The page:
Antigua

Come join us in exploring Antigua’s winding coastline and seemingly limitless secluded powdery soft beaches. Navigate the same waters as Nelson, scuba dive and snorkel from the decks of our yachts on the same coral reefs that were once the bane of marauding enemy ships.

Antigua and its sister Island, Barbuda, lie at 17 degrees 5 minutes north latitude and 61 degrees 48 minutes west longitude. Antigua (pronounced An-tee’ga) is the largest of the English-speaking Leeward Islands in the Eastern Caribbean. To the south are the islands of Montserrat; and to the north and west are Nevis, St. Kitts, St. Barts, and St. Martin. Barbuda, about 30 miles due north of Antigua, is a largely uninhabited flat coral island. The tiny island of Redonda, a nature preserve is also part of the nation.

Like most islands of the Caribbean, Antigua benefits from a warm climate moderated by steady trade winds that make the region one of the most desirable of the world’s great sailing destinations. Because of its complex coastline, an abundance of safe harbors, and a protective nearly unbroken coral reef, one of Great Britain’s most famous admirals, Horatio Nelson, made Antigua the Royal Navy’s most important Caribbean base in 1784.

Now, more than 200 years later, the same characteristics that attracted Nelson have drawn Dream Yacht Charter this island paradise. Our base is the legendary Jolly Harbor, a full service marina that features restaurants, a supermarket, boutique shopping and more. The Dream Yacht staff will acquaint you with the island’s natural and historical landmarks. Natives like to say there are 365 distinct beaches, one for every day of the year on Antigua. We don’t know if that’s literally true, but one of the great adventures for our sailing friends would be to try and visit them all.

The capital of Antigua and its largest city is St. John’s. The baroque towers of St. John’s Cathedral dominate the city’s landscape. With a new cruise ship dock and several hotels, the capital is a lively hub for shopping and dining.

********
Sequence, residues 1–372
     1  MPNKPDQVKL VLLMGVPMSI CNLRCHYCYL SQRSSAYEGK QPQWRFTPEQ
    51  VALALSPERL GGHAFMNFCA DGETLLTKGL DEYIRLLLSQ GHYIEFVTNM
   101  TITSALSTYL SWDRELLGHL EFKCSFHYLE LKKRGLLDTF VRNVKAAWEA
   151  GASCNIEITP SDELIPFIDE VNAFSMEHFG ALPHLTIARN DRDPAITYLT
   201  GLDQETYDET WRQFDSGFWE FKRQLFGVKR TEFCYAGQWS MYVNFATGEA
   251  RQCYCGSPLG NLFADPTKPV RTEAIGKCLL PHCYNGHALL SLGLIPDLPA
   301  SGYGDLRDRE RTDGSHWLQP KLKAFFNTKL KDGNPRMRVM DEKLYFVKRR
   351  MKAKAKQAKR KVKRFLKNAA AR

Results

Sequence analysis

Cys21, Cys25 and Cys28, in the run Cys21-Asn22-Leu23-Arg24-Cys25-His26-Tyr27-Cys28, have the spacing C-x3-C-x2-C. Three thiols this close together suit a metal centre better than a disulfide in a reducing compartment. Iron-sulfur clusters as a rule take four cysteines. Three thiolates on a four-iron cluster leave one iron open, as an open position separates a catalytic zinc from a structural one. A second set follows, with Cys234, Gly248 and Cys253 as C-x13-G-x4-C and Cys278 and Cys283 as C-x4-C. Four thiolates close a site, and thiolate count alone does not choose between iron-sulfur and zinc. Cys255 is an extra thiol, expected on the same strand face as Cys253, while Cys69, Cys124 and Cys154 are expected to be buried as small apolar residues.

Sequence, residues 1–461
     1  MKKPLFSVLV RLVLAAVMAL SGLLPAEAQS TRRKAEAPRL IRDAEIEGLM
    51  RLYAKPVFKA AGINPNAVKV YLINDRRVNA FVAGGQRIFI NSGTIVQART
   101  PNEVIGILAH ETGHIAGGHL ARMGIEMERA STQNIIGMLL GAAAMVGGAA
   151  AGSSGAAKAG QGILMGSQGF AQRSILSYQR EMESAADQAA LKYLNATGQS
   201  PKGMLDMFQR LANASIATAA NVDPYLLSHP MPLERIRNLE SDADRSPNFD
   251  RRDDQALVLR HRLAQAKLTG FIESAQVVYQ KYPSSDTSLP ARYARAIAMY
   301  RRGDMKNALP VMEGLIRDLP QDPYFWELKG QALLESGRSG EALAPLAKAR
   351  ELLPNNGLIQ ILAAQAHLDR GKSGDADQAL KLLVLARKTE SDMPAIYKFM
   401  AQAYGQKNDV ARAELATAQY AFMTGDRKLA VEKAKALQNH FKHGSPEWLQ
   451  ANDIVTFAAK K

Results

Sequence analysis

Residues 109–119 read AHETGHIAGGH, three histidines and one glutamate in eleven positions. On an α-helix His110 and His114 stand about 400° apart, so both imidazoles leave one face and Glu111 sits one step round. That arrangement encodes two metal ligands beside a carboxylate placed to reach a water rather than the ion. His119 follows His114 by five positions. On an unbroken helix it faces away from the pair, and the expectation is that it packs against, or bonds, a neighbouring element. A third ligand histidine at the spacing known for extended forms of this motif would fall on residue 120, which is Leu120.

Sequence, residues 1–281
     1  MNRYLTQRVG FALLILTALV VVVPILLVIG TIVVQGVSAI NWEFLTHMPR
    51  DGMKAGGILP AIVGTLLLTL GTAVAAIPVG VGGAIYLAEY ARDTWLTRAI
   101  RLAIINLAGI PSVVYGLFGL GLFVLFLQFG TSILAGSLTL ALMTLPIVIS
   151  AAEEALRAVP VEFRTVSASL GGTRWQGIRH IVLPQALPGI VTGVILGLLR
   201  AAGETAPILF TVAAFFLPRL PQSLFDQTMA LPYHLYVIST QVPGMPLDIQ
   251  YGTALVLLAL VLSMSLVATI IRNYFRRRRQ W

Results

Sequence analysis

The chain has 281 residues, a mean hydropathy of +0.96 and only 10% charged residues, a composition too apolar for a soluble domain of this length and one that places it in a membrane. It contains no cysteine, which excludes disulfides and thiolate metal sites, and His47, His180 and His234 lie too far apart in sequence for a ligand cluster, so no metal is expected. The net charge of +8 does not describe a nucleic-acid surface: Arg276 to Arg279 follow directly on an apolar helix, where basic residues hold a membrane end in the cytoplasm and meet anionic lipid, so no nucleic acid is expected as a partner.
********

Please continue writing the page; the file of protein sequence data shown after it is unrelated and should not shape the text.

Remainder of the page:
If you are interested in the early history of the island, visit the Museum of Antigua and Barbuda in the colonial Court House. You will find Arawak and colonial artifacts recovered archaeological digs on the island on display.

The heart of Antigua’s historic district is the 15 square miles that of Nelson’s Dockyard National Park. During the great age of sale, this area served as British Navy’s base and headquarters of the fleet of the Leeward Islands during the late 18th century. Greatly expanded during the time Horatio Nelson commanded, it was gradually abandoned during in the nineteenth century and was closed in 1889. Now completely restored, Nelson’s Dockyard is the only Georgian dockyard in the world.

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Martynika

Martinique is one of the shining jewels of the French Caribbean. Centrally located in the heart of the Caribbean archipelago, at 14 degrees 30 minutes north latitude and 61 degrees 0 minutes west longitude, Martinique is part of the Windward Islands in the Lesser Antilles.

Christopher Columbus sighted the island on his first voyage in 1493, but didn’t land there until his fourth expedition in 1502. Martinique officially became part of France in 1815. It became a Department of France in 1946, and was named a Region of France in 1974, and that remains its status.

Martinique’s capital, Fort de France, celebrates every aspect of French culture with style and panache – from the excellence of its cuisine to the chic sophistication of its fine resorts and hotels. Shops sell the latest French merchandise; art galleries, theaters and museums all pay homage that heritage. Old men play Boules in the squares, while crowds sit at sidewalk cafés. Yet, an enticing West Indian warmth and friendliness, a special spice in its music, dance, local food and cultural roots, combine with everything French, to create a unique way of life.

Martinique offers the classic Caribbean package of flawless beaches-white sand on the south coast, black sand on the north coast. There are secluded coves perfect for swimming and snorkeling, reefs, unspoiled fishing villages, hot springs, lush rainforests, rugged peaks and exotic flowers and fruit everywhere.

The Dream Yacht Charter base at Le Marin is just a short ride from the airport. The marina is set at the end of a beautiful lagoon and includes all the facilities any sailor could need: well-stocked chandleries, a supermarket and restaurants.

The marina at Le Marin is one of the largest in the Caribbean that caters specifically to pleasure boats, and is a day sail from the Grenadines.

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Grenadyny

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